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Immigration Is Good For The Economy

by @ 2:48 pm on June 21, 2007. Filed under Economics, Immigration

Contrary to the argument made by most immigration opponents, it seems that immigration actually raises wages for workers as a whole:

Immigration has a positive impact on the U.S. economy and boosts wages for the vast majority of native workers, though there are “small negative effects” on the earnings of the least-skilled Americans, according to a report the White House issued yesterday.

The report, a review of economic research prepared by the president’s Council of Economic Advisers, concludes that foreign-born workers have accounted for about half of labor force growth in the past decade, fueling overall economic output, creating jobs and increasing earnings for native-born workers by as much as $80 billion a year.

Immigrants and their children also have a “modest positive influence” on government spending, the report says, contributing about $80,000 more per person in tax dollars over the long run than they claim in government benefits and services.

The report directly challenges attacks on President Bush‘s proposal to overhaul immigration laws. His measure would link beefed-up border security and a crackdown on employers who hire illegal immigrants to provisions granting legal status to the 12 million illegal immigrants already in the country. It would also create a guest-worker program sought by business and shift the emphasis of immigration policy from family ties to job skills and education.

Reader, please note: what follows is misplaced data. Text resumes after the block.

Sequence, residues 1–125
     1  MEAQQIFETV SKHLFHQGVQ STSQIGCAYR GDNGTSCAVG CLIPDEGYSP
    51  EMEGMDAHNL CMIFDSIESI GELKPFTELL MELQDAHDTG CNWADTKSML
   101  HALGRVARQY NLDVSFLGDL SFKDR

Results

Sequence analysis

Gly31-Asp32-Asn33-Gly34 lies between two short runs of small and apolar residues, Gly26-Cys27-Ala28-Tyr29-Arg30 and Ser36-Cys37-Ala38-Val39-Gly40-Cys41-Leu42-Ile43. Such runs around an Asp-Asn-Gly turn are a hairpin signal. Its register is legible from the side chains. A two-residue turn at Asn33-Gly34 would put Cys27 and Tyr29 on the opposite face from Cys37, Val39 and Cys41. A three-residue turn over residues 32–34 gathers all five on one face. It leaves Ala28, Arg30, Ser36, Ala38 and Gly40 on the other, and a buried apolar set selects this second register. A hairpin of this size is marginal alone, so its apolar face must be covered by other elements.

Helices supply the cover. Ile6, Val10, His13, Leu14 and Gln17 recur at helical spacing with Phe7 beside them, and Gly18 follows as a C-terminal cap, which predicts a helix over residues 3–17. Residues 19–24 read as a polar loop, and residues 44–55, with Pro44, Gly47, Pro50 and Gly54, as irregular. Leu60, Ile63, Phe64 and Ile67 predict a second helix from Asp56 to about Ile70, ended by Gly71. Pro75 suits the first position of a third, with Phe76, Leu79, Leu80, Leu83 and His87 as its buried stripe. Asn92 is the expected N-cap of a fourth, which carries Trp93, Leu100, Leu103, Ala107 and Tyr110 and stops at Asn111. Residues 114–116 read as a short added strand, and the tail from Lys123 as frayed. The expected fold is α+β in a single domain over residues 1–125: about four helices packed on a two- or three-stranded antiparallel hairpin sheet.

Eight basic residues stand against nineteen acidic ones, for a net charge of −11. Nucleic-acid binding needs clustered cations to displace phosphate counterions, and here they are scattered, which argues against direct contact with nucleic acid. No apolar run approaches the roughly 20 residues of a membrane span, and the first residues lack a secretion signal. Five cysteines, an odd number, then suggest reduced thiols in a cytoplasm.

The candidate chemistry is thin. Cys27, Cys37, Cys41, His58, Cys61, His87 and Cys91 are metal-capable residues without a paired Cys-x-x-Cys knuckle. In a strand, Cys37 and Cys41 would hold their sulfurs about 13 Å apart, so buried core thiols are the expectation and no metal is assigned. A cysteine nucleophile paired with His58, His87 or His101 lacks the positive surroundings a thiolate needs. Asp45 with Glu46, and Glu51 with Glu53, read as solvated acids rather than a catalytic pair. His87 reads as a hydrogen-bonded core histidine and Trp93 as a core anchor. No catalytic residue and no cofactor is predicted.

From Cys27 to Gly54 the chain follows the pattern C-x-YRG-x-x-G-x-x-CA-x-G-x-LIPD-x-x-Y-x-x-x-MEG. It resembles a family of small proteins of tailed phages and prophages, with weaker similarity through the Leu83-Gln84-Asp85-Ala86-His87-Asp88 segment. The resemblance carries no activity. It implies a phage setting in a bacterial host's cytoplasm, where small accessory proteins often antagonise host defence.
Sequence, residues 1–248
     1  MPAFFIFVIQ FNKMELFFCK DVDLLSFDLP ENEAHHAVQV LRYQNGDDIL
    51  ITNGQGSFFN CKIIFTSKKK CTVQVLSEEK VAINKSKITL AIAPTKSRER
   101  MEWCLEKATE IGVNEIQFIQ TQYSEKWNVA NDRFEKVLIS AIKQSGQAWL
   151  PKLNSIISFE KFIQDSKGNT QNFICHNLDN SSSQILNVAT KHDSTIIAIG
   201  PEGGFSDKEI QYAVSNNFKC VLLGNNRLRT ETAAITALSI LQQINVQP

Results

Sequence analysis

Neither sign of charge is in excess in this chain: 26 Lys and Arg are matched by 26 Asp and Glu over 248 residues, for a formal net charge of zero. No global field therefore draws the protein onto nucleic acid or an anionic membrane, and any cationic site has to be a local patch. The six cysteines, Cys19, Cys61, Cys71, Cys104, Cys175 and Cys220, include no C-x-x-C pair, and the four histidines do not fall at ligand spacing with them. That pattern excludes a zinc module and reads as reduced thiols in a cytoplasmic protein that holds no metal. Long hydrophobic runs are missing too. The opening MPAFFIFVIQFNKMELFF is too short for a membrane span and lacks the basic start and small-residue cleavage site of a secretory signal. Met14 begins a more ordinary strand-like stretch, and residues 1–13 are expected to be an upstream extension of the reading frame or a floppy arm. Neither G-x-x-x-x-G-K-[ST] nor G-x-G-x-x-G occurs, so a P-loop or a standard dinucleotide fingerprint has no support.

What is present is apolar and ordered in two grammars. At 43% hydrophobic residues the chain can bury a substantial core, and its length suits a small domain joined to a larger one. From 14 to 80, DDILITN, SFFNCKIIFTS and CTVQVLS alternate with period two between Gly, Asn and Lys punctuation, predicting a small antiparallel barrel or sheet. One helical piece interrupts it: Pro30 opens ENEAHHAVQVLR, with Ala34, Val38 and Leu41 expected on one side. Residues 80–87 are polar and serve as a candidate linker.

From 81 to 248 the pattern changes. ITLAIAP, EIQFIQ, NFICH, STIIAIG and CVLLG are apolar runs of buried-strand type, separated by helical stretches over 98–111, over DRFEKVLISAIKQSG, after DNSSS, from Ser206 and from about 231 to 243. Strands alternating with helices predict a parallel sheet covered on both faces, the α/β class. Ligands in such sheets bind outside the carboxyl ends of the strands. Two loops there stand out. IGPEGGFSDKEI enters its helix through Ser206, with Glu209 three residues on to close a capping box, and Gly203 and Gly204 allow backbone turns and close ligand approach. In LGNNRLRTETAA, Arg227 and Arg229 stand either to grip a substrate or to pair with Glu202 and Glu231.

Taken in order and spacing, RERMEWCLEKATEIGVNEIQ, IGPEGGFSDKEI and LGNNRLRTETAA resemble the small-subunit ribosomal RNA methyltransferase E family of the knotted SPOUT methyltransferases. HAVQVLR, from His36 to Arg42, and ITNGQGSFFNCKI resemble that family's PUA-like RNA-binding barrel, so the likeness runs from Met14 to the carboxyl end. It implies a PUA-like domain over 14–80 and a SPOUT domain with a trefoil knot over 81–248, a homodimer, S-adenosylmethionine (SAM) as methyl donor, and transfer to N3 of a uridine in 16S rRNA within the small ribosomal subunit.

Foreign-born workers make up 15 percent of the U.S. labor force, with large concentrations at the top and bottom of the education scale, the report says. For example, immigrants make up 36 percent of workers who lack a high-school diploma and 41 percent of scientists with doctoral degrees.

As a group, immigrants earn 77 cents on the dollar compared with native workers, though that gap largely disappears among college graduates.

More than 90 percent of native workers benefit from the influx of low-wage labor because immigrants take jobs that complement higher-paid native workers rather than competing with them, according to the report. For example, [Council of Economic Advisers Chairman Edwin P.] Lazear said, immigrant roofers lower costs for contractors and home-builders, creating jobs for plumbers and electricians and lowering the price of houses for consumers.

That’s the side of the immigration debate that the nativists don’t want you to think about. Kick out all that cheap foreign labor and the cost of everything from your new house to the lettuce at the grocery store goes up. Not to mention the revenue lost to businesses who benefit from the wages that immigrants earn.

But this shouldn’t be surprising. It’s the same thing that happened in the late 1800’s when Eastern Europeans started coming in large numbers. People complained they were taking away jobs from “real Americans” and, you know, they dressed weird and spoke in those funny foreign languages. And it’s the same thing that happened when the Irish arrived here, and the Italians. The only difference this time is that the immigrants are closer and they don’t need to get on a ship to get here.

And, oh yeah, they dress weird and speak a funny language.

Originally posted at The Liberty Papers

7 Responses to “Immigration Is Good For The Economy”